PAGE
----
Impact of Cervical Collar and Patient Position on the Cerebral Blood Flow

David Wampler, Brian Eastridge, Rena Summers, Preston Love, Anand Dharia, Ali Seifi

Abstract


Background: Spinal protection during emergency medical service (EMS) transport after trauma has become a focus of debate. Historically, patients at risk for spine injury are transported in a rigid collar, long spineboard and headblocks. The cervical collar (c-collar) is hypothesized to provide stabilization for the cervical spine. However, little is known how the c-collar affects cervical blood flow.

Methods: Cerebral blood flow was measured in multiple conditions using a non-invasive cerebral blood flow monitor to establish cerebral blood flow index (CBFI). The CBFI data were collected at: standing, sitting, 45°, 30°, 10° or 15°, and supine, with and without c-collar. Descriptive statistics were used for CBFI in each condition, and parametric statistical methods were utilized to determine the significance of changes in CBFI.

Results: Five volunteers were recruited, and each tested in six positions with and without c-collar. Mean age was 49 (standard deviation (SD) 15) years and 60% were male. The CBFI mean of means was 71.0 with and 69.4 without the c-collar. Only one subject demonstrated a statistically significant difference in CBFI with c-collar. The CBFI mean of means for position was 72.6 for head of bed less than 30° and 68.1 for greater than 30°. All subjects demonstrated > 99% confidence for a statistically significant difference in CBFI when dichotomized using head of bed at 30°.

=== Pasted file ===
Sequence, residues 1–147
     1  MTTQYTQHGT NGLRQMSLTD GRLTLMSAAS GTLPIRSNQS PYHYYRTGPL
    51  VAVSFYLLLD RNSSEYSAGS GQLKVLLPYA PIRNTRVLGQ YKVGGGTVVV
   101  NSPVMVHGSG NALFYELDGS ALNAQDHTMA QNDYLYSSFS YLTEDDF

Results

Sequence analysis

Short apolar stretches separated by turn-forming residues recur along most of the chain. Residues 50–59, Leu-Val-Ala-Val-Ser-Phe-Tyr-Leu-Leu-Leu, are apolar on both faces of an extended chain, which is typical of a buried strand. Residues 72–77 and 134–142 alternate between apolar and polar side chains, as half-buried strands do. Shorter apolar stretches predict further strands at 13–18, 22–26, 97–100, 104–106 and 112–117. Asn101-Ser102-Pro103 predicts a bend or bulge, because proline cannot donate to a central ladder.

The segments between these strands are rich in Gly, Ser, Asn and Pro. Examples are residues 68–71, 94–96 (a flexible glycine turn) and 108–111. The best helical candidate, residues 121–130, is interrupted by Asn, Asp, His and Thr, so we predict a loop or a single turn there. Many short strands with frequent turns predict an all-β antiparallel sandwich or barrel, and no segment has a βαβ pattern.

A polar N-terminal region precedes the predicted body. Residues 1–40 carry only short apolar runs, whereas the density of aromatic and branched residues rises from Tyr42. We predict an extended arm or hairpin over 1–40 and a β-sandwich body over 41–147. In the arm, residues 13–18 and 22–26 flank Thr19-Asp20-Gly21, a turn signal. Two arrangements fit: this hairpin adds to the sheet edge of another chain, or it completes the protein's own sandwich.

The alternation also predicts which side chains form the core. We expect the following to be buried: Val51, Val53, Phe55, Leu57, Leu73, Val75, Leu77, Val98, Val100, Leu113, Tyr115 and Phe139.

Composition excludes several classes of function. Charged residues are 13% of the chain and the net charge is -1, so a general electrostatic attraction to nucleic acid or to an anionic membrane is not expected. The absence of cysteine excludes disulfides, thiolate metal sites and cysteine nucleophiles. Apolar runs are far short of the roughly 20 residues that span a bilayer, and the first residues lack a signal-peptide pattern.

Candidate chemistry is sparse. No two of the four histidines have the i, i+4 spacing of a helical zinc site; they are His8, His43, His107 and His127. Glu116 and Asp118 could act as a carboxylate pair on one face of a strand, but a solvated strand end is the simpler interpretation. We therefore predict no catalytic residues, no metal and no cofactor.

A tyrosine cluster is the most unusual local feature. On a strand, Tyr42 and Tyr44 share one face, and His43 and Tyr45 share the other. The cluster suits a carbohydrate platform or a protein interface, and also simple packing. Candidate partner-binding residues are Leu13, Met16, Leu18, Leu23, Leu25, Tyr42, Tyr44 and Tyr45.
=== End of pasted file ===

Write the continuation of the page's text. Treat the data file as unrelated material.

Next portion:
Conclusions: Head of the bed position has greater influence on CBFI than the c-collar . Clinical significance in healthy volunteers is unknown but this change in cerebral blood flow may have clinical significance in traumatic brain injury or neurologic conditions that compromise autoregulation.




J Neurol Res. 2020;10(5):177-182
doi: https://doi.org/10.14740/jnr611

Keywords


Cervical collars; Head of bed elevation; Autoregulation; Cerebral perfusion; Cerebral blood flow

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